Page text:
Thank you, Daniel.  I appreciate the quick response, especially since you have such a small crew.  I checked the link and it pulled up the exact color and image of what I found.  Thanks also for the added info about this little guy.
Hope you have a wonderful week and aren’t experiencing any weather issues as much of the country is.  Here in Tyler, it is sunny and warming up.  That’s why we say, if you ran your heater this morning but turned on the AC this afternoon, you must live in Texas, LOL!
Thanks again,
Mitzi

Thanks for your kind wishes Mitzi.  In Los Angeles, we had a heavy rain last night, one of a series of storms coming in on what the weather bureau is calling the “atmospheric river” and we are expecting alternating days of rain and sunshine for the remainder of the week, a welcome forecast for drought-plagued southern California.

My prayers have been and will continue to be ongoing for the areas affected by drought.  We have gotten too much rain here and in other southern areas for the past couple of years at different times and wished we could send some your way especially when flooding has occurred.  May each area receive what it needs this year.
Wishing you a wonderful year and, once again, thank you for your response.

What's That Bug? does not endorse extermination

Subject: What’s that bug
Location: Pasadena tx
December 7, 2016 7:03 pm
My son found this bug on his shirt. I just want to know what it is and if can hurt us.
Signature: William Roland

Possibly Lacewing Larva

Possibly Lacewing Larva

Dear William,
This is a predatory larval Neuropteran, probably a Lacewing larva, commonly called an Aphid Wolf.  Lacewing larvae are beneficial in the garden, but we have received several reports of folks who have been bitten, including our own editorial staff.  We know firsthand that the bite is not painful, but the itchy welt does last about a week.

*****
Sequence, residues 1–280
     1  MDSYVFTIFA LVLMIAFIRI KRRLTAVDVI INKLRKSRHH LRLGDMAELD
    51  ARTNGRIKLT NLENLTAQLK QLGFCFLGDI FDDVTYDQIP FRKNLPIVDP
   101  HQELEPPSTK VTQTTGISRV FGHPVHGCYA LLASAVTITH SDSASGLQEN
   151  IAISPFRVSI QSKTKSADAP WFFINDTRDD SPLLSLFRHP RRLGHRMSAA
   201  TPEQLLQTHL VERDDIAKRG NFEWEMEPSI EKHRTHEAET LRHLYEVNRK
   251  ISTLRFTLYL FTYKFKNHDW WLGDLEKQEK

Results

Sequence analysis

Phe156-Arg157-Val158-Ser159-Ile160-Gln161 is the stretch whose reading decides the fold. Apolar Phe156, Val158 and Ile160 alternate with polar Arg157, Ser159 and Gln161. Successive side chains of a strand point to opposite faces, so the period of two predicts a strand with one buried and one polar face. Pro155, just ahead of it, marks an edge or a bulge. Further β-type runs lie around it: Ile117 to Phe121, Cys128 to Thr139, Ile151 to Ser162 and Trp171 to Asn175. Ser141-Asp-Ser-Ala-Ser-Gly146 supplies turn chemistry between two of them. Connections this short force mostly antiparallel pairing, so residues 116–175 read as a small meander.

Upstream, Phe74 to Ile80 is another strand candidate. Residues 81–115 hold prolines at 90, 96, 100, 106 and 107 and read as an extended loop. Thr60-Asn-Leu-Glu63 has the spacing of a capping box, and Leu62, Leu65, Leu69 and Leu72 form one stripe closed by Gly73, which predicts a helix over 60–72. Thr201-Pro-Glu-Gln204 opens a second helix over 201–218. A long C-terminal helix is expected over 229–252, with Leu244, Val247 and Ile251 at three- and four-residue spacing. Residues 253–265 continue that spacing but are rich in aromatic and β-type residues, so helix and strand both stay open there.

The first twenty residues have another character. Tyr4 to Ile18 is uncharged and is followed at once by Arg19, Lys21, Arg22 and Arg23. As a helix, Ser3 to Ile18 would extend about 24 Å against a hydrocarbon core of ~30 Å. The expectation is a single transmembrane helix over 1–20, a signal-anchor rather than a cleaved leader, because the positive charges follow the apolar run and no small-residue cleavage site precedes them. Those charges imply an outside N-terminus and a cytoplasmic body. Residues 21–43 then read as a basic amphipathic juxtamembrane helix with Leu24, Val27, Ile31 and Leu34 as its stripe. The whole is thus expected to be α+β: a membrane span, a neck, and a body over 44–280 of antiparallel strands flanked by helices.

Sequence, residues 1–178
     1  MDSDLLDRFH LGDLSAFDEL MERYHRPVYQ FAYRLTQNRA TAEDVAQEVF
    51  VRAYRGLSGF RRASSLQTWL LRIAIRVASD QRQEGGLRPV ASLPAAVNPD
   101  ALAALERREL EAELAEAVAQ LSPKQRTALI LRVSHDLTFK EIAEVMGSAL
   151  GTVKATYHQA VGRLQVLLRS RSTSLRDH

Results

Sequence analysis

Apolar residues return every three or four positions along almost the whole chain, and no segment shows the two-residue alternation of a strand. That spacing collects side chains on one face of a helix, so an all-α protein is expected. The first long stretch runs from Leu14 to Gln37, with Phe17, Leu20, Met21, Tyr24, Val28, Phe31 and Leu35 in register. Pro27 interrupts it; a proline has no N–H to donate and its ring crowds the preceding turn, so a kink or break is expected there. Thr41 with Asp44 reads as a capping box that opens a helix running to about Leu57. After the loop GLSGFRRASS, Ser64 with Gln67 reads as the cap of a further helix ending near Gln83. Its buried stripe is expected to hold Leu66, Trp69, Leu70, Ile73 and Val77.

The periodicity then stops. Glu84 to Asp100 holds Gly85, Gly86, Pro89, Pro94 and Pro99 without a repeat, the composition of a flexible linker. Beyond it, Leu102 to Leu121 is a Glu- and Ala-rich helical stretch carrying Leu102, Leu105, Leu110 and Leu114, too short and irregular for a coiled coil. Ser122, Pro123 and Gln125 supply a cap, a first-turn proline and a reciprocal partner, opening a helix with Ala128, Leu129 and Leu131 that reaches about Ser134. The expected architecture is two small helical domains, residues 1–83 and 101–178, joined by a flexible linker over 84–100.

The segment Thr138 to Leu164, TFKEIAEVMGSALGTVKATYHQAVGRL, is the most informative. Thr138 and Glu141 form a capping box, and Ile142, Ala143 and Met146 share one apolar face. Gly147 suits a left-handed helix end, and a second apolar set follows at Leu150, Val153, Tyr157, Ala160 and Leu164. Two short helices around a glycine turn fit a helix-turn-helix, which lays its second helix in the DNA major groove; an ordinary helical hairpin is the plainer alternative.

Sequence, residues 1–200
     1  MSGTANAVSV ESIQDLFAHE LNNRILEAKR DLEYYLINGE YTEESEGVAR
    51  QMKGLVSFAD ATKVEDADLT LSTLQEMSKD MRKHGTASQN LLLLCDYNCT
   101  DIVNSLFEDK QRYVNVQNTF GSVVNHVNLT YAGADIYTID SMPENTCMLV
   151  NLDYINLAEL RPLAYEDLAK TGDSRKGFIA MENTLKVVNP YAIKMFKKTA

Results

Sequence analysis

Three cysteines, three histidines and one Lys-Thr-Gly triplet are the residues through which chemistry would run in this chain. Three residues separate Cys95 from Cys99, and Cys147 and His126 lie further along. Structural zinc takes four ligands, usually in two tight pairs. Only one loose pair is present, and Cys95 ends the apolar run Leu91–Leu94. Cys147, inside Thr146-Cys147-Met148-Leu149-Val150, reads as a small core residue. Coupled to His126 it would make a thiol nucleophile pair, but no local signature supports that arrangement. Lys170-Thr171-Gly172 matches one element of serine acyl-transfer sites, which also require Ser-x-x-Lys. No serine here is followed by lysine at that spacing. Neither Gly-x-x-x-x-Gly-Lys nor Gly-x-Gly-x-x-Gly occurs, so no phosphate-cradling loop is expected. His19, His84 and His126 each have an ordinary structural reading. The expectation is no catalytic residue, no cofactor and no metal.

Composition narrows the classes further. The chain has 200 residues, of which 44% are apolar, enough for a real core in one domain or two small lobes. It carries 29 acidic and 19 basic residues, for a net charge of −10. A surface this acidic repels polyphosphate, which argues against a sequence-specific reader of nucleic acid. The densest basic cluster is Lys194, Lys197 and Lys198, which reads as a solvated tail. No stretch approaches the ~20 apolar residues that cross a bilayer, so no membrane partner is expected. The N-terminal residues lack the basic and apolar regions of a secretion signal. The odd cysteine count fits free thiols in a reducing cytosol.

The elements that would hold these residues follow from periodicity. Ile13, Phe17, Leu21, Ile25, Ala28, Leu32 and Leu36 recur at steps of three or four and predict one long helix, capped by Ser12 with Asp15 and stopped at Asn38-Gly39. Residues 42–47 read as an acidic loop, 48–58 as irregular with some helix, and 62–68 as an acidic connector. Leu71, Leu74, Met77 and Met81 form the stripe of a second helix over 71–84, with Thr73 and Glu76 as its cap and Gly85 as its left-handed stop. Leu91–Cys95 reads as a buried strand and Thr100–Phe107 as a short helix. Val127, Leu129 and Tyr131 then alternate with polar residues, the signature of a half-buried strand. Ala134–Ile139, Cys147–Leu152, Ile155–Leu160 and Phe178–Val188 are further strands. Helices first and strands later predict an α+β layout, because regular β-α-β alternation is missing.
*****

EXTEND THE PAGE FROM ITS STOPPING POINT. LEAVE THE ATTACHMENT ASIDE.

What's That Bug? does not endorse extermination

Subject: Bug
Location: Melbourne Australia
December 6, 2016 5:53 am
Hi have never seen anything like this before can you identify it for me
Thanks Kelly
Signature: Bug person

Green Lacewing

Green Lacewing

Dear Kelly,
Because both adult Green Lacewings, and their larvae which are known as Aphid Wolves, consume large quantities of insects, including Aphids, they are considered beneficial insects in the garden.

What's That Bug? does not endorse extermination

Subject: Yellow and black/gray bug
Location: Hemet CA
November 11, 2016 11:34 pm
I was at the park with my children in Hemet, CA. While waiting for them to play I was ‘bitten’ by this type of bug several times. No one I asked could identify it. Everyone says earwig, but the pinchers are on the head and not the tail.
Signature: BPaul

Lacewing Larva

Lacewing Larva

Dear BPaul,
This is the larva of a Lacewing, commonly called an Aphid Wolf.  We have received numerous reports from people who have been bitten by both larval Lacewings and adults, and our editorial staff is fully aware that the itchy welt produced by the bite will last as long as a week.

Thank you. I couldn’t find it anywhere else. I’m 7 months pregnant and wanted to be sure it wasn’t going to harm the baby.

What's That Bug? does not endorse extermination